Carter Beats the Devil

Carter Beats the Devil

by Glen David Gold

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Overview

A hypnotizing work of historical fiction that stars 1920s magician Charles the Great, a young master performer whose skill as an illusionist exceeds even that of the great Houdini.

Nothing in his career has prepared Charles Carter for the greatest stunt of all, which stars none other than President Warren G. Harding and which could end up costing Carter the reputation he has worked so hard to create. Filled with historical references that evoke the excesses and exuberance of Roaring Twenties, pre-Depression America, Carter Beats the Devil is a complex and illuminating story of one man's journey through a magical and sometimes dangerous world, where illusion is everything.

Product Details

ISBN-13: 9780786870165
Publisher: Hachette Books
Publication date: 12/01/2001
Sold by: Hachette Digital, Inc.
Format: NOOK Book
Pages: 672
Sales rank: 273,256
File size: 4 MB
Age Range: 13 - 18 Years

About the Author

Glen David Gold received his MFA for creative writing at the University of California at Irvine and has written for newspapers, film, and television. He currently lives in Southern California.

Hometown:

Long Beach, California

Place of Birth:

Hollywood, California

Education:

M.F.A., University of California at Irvine, 1998

Customer Reviews

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Carter Beats the Devil 4.3 out of 5 based on 0 ratings. 59 reviews.
DaniSeaLark More than 1 year ago
I'm not particularly a historical fiction kind of reader. I find that usually fact gets in the way of the overall good time of the narrative. That wasn't the case with Carter Beats The Devil however! This book is engrossing and captivating from beginning to end. This book was written as Gold's thesis project when he graduated from UCI with a Master of Fine Arts in Creative Writing. If a first novel can be this good, then I am anxious to read any forthcoming novels written by this author.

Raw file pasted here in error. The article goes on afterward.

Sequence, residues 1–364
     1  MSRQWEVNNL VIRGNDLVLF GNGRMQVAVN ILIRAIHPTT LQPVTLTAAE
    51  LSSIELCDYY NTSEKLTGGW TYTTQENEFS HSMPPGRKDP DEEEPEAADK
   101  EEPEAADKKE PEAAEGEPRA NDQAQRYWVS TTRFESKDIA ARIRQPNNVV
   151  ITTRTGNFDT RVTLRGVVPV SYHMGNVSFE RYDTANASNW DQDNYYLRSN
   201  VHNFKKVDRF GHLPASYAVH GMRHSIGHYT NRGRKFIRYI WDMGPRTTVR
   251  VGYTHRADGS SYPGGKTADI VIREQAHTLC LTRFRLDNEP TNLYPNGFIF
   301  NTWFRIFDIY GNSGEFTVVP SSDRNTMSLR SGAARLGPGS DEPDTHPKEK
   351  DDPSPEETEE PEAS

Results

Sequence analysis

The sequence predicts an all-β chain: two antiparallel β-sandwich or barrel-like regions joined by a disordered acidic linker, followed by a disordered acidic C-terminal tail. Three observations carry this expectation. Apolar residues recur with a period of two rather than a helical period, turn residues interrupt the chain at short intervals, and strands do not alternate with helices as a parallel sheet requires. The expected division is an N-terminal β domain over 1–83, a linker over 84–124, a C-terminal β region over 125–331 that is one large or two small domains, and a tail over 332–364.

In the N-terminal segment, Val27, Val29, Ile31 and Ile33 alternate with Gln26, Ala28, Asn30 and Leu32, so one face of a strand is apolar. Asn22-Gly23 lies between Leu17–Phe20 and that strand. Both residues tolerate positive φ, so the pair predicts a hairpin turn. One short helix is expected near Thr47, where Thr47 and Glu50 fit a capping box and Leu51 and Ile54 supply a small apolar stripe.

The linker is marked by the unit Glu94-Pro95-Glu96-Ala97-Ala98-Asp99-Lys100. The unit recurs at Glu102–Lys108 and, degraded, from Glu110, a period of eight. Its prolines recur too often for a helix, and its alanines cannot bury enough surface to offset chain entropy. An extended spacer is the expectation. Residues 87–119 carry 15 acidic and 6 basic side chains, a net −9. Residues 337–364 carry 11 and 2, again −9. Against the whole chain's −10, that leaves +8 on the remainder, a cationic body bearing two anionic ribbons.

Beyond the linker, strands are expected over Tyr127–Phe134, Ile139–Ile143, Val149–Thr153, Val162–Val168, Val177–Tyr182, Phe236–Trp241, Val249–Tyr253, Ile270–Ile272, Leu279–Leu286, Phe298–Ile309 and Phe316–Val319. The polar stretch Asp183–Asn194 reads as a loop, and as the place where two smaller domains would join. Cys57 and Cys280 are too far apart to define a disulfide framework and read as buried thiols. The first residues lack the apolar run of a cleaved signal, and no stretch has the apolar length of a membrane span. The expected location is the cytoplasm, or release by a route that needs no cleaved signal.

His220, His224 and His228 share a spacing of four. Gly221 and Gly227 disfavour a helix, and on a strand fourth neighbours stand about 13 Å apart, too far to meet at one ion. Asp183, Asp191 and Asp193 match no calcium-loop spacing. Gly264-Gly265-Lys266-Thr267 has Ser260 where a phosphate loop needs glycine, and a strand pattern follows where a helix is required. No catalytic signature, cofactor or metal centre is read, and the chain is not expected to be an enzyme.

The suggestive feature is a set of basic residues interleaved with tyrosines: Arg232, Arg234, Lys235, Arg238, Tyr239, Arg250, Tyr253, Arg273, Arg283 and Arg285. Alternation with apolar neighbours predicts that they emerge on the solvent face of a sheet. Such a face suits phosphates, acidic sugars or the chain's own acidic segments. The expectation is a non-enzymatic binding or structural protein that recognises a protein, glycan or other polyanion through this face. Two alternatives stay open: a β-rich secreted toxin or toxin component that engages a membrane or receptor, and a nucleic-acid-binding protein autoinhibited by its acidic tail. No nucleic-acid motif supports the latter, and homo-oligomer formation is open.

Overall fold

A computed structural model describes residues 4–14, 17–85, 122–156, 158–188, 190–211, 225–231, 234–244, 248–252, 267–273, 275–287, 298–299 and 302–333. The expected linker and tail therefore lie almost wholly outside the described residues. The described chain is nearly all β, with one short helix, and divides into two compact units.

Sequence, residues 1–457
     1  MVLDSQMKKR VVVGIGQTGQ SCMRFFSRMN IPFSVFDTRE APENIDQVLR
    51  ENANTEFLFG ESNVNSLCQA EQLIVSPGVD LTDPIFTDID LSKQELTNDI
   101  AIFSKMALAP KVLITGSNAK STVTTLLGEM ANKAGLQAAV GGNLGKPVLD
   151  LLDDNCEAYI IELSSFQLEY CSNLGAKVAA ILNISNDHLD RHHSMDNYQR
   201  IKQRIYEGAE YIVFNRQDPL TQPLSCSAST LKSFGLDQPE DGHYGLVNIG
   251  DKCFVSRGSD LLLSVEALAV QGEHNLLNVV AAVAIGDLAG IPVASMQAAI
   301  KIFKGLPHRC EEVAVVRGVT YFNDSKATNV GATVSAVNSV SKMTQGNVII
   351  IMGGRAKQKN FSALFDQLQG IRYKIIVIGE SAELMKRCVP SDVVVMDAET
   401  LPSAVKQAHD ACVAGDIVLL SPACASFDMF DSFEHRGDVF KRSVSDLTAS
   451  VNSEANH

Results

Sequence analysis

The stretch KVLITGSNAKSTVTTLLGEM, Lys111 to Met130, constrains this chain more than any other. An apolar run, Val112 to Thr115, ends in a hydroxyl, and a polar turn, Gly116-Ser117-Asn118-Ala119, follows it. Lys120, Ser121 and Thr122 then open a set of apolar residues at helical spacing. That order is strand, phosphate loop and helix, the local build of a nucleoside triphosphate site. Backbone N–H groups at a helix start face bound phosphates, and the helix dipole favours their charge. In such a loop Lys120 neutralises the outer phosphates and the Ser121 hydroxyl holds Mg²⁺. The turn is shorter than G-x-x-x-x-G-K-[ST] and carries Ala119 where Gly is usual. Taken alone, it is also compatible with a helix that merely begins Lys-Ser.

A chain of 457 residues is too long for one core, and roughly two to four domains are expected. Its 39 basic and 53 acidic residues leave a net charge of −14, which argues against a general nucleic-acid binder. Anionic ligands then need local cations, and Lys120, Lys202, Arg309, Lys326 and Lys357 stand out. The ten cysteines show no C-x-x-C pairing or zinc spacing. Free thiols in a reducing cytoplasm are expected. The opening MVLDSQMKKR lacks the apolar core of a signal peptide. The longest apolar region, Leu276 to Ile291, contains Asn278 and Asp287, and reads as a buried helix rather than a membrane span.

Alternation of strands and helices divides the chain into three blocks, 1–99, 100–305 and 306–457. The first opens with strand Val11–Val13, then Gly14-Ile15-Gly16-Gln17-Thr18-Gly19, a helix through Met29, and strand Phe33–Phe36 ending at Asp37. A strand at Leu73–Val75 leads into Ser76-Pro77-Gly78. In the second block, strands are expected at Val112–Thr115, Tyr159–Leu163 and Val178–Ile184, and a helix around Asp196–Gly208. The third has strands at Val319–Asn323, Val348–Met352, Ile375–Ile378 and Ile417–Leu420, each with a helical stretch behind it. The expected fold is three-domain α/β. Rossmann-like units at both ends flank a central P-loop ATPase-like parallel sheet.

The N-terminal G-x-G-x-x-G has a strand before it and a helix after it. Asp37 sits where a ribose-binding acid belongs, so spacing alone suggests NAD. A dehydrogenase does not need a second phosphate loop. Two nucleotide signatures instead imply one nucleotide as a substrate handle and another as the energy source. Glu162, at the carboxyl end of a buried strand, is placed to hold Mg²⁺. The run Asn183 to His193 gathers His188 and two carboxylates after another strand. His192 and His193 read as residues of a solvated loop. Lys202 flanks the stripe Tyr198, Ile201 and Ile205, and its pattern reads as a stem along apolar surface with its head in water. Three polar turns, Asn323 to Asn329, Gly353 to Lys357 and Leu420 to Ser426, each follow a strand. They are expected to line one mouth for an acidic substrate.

FGHart More than 1 year ago
Although initially daunted by the length of "Carter Beats the Devil," the novel came highly recommended so I committed to include it in my summer reading material. At over 650 pages it was a little bulky for beach fare but perfect for my bedside table. The characters are well-developed and engaging, which makes the tale easy to read in bursts. We follow Carter's story from childhood, when he is first introduced to magic, to his early days as a magician, through his career in a field that is secretive and competitive. Author Glen David Gold establishes the story in an era filled with historical references, including the presence of such characters as Houdini and President Warren G. Harding. Woven throughout the tale of Carter's career are tales of courtship, romance, chivalry, danger and intrigue. Carter's first love blooms and grows despite his awkwardness. When disaster strikes, we mourn with Carter. When, later in life, Carter finds himself with the opportunity to love again we're compelled to cheer him on in his efforts at romance. Carter is a man who consistently strives to do the right thing in every situation. Gold does him justice, developing Carter as a sympathetic character to be admired and supported, even when it appears he may have gone too far in pursuit of his next illusion. This is truly a tale well told.
mikemillertime on LibraryThing More than 1 year ago